Debt-to-income ratio (DTI) calculator

Monthly gross income (estimated)

Monthly debt expenses (estimated)

DTI examples

Here are a few examples of DTI calculations. 

DTI with a personal loan

Dan and Lucy earn $8,000 per month between them. Their rent is $2,000. The minimum payments on their credit cards total $300 per month, and they have a $300 monthly car payment. They are applying together for a $10,000 personal loan with a $200 per month payment. 

Here’s how the lender calculates their DTI:



$2,000 (housing)

$4,000 (Dan’s pre-tax monthly income)

$300 (credit card minimum payments)

$4,000 (Lucy’s pre-tax monthly income)

$300 (car loan payment)


$200 (new loan payment)


$2,800 (total expenses)

$8,000 (total income)

Dan and Lucy’s combined DTI

$2,800 ÷ $8,000 = .35 (35%)

Most lenders will approve a loan at a 35% DTI, assuming the applicants meet their other requirements.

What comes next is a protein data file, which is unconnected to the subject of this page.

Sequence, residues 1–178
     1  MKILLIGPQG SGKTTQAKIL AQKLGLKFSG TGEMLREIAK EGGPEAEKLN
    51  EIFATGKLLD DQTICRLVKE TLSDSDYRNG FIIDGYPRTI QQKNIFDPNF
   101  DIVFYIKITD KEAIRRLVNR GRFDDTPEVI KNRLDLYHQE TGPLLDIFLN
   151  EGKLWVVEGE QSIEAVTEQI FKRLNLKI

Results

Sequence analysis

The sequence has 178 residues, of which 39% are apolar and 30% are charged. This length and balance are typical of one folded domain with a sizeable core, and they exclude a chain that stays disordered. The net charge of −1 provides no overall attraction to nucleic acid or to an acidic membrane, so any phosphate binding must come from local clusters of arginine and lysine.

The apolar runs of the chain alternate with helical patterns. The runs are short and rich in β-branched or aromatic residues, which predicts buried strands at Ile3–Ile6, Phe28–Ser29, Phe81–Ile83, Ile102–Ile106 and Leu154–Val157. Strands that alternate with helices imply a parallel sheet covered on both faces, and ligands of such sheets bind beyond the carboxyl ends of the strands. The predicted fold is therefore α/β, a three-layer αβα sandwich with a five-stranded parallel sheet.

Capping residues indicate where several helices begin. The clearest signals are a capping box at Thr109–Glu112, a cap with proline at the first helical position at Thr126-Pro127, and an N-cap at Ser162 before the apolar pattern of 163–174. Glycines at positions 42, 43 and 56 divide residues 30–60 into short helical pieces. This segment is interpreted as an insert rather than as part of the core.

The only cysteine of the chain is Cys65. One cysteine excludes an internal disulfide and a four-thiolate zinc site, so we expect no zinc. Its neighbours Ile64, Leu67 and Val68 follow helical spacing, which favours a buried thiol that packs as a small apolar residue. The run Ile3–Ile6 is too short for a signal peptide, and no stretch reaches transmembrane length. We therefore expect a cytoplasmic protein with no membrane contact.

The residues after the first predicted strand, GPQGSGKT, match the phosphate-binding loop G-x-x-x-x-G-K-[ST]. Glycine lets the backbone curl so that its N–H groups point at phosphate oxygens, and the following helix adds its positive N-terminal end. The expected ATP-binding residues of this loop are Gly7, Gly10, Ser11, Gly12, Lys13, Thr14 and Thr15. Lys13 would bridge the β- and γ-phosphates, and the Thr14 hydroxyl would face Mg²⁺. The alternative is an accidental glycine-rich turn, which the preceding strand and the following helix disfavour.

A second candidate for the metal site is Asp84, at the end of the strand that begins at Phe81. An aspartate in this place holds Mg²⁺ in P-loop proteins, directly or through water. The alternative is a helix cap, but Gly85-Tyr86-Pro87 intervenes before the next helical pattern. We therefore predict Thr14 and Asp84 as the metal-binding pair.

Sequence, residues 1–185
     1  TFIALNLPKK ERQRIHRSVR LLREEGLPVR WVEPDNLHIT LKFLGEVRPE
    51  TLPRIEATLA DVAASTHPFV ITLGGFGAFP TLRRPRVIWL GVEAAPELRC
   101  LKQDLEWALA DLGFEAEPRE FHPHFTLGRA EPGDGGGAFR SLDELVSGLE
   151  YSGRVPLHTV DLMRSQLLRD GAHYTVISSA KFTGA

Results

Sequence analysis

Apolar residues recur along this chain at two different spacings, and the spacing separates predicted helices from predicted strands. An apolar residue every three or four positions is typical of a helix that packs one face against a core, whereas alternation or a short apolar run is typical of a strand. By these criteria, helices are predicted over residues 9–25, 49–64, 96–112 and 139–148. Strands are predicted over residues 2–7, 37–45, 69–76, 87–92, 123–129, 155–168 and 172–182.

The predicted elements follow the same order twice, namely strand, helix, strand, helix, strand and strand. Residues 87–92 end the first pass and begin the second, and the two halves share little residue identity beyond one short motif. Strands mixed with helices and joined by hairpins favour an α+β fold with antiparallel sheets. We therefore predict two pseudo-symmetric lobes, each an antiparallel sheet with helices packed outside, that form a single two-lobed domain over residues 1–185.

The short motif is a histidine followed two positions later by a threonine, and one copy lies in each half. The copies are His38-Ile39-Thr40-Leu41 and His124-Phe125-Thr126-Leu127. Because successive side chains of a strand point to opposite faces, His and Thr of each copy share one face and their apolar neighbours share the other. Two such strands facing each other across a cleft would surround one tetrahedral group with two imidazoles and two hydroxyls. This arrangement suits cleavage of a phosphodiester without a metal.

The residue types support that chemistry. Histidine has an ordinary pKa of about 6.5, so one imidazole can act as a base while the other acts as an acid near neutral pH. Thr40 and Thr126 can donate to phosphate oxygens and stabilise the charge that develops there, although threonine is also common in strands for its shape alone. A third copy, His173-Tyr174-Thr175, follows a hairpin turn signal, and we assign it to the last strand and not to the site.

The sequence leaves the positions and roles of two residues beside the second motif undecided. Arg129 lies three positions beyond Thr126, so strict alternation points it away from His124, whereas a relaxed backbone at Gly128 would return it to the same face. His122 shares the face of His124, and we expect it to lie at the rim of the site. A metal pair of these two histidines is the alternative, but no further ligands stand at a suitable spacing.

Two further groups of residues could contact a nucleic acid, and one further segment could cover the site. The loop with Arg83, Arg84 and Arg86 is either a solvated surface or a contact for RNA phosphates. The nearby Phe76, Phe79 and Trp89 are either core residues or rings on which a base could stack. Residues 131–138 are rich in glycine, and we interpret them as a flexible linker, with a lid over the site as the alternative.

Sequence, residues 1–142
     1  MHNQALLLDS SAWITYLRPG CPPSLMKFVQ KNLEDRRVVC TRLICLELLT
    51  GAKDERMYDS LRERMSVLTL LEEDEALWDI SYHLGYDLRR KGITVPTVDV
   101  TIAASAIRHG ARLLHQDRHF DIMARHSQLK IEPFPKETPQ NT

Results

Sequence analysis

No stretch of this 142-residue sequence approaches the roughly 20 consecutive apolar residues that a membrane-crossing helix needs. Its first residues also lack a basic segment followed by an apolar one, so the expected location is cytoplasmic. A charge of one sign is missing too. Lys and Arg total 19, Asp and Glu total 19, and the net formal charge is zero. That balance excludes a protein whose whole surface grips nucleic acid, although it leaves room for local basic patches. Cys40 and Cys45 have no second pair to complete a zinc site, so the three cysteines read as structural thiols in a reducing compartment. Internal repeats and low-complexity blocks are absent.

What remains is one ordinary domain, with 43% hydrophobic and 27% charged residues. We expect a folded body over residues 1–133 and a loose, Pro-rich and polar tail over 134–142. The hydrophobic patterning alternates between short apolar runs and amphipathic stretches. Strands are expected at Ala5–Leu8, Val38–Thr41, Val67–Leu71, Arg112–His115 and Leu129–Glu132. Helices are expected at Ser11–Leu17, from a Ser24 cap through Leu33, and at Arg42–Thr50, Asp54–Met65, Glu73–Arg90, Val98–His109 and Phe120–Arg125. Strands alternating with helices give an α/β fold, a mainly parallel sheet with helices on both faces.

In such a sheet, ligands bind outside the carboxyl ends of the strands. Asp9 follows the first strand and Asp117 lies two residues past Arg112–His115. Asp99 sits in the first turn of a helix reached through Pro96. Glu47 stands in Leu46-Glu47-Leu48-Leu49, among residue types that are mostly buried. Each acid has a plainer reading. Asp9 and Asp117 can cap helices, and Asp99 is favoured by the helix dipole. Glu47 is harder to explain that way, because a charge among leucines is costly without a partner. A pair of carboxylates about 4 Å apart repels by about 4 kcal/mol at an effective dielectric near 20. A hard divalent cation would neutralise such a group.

DTI with a home equity loan

Luke earns $72,000 a year ($6,000 per month) and owns his home. His mortgage payment includes $1,100 for principal and interest, plus $140 for property taxes and $60 for homeowner’s insurance (total payment: $1,300). He also has a $300 car payment. Luke wants a $15,000 home equity loan for some renovations. Its payment would be $150. 

Here’s Luke’s DTI:



$1,300 (housing)

$6,000 (Luke’s pre-tax monthly income)

$300 (car loan payment)


$150 (new loan payment)


$1,750 (total expenses)

$6,000 (total income)

Luke’s DTI

$1,750 ÷ $6,000 = .29 (29%)

Most lenders will consider Luke’s DTI low. That’ll help him get the loan he wants.

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DTI for a debt consolidation loan

Chantal earns $5,000 per month, pays $1,500 in rent, and owes $20,000 in credit card debt. Her total monthly credit card payments are $800. Before borrowing,

Chantal’s DTI is:



$1,500 (housing)

$5,000 (Chantal’s pre-tax monthly income)

$800 (credit card minimum payments)